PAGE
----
The feral cat was deep in thought as they left the camp. The guards were too busy with the stream of vermin going in to care much about those going out. The two beasts vanished into the forest, keeping stealthy for a while in case they were followed. When all seemed clear, they hid in a small, dry cave nestled in a nearby moor. There, Fiasco knelt, and took the rope from around Cassandra's neck. The hare looked at him warily, not sure if the strict no talking rule was still in effect.
"Okay. We ditched th'circus," Fiasco said, his voice low, and surprisingly, just a bit more humble than his usual arrogant tone. "I was wrong. Th'horde is not like my tribe. Bad trade. I don't have… I have no clever words to get my way. All I have is making mess of things. Tch. Fiasco is well-named indeed."
The cat broke eye contact, hanging his head and looking down at the ground like a kitten being scolded. He didn't know what he expected from the hare. He guessed she would just leave. He owed her, somehow, even if all her help had been ignored. What he was not expecting was for her to chuckle, and lightly punch his brawny arm.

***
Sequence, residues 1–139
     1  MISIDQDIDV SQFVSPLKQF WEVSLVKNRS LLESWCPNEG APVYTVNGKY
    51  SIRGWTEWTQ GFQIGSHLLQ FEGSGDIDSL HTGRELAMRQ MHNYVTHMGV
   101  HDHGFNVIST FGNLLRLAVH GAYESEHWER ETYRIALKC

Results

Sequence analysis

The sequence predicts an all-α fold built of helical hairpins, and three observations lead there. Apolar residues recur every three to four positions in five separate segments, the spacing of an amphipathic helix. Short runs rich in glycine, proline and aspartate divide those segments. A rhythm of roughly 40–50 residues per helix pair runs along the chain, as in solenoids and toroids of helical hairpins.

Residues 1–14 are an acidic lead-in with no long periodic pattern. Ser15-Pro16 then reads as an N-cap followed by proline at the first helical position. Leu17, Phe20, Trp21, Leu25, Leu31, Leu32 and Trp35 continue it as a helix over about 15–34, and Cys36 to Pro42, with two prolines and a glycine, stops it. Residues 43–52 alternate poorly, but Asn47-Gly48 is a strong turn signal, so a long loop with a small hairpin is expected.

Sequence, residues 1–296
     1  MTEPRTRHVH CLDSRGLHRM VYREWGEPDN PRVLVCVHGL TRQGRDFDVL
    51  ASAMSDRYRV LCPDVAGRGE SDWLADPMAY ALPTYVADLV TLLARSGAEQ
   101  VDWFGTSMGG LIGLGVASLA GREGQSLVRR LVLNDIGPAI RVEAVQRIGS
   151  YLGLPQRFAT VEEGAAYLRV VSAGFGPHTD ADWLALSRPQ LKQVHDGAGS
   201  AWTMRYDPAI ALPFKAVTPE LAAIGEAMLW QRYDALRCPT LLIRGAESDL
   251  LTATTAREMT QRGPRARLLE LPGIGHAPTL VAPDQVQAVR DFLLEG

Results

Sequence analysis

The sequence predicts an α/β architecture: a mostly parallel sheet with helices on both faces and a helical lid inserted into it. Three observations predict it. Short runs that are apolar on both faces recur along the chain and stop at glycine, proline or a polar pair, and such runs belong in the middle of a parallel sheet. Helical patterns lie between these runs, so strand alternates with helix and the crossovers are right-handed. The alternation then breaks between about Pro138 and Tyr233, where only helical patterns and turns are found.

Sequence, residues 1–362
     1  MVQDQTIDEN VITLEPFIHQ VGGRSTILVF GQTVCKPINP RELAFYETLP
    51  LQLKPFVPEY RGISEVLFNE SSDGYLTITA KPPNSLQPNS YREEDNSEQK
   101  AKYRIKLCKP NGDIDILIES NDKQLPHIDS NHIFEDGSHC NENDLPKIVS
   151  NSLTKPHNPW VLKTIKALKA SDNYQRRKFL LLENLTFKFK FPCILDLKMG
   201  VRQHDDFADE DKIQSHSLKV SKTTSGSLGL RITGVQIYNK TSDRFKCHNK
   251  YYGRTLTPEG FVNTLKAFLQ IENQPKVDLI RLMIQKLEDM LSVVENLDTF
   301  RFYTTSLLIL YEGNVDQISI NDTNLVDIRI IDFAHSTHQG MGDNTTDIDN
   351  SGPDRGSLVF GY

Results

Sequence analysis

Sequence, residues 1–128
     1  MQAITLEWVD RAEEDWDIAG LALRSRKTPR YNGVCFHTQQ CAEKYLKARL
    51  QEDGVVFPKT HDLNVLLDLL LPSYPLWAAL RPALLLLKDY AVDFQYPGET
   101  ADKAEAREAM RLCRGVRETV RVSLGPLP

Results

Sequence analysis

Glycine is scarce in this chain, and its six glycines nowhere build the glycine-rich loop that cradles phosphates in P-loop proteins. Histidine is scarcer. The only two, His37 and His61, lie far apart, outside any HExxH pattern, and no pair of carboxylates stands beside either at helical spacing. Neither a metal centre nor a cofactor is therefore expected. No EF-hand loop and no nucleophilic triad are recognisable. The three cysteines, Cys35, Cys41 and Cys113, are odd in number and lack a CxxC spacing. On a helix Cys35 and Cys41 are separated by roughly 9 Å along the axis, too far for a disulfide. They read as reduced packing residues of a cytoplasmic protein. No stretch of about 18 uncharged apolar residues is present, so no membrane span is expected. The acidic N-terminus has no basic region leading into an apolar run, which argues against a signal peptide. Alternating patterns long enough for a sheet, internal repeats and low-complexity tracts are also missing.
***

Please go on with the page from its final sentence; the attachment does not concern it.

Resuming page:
"Ah, come on, so you're a bit thick-skulled. Doesn't matter, Fiasco. Brilliant schemes and cunning plans are only ever remembered if they work. This idea didn't. Dust yourself off, and try something new, that's what I say, eh, wot wot?" Cassandra said cheerfully. Fiasco slowly looked up, confused yellow eyes meeting her kindly grey ones. "By the way, that bargain was a jolly rotten scandal. Me, a fit hare with all my teeth, in exchange for some rusty old tuning forks? Please. They were taking advantage of your ignorance in the market values."
"Try something new? Try what?" Fiasco asked. He slumped over to sit on the cave floor, extending his long, sharp claws to rake them idly through the sandy soil.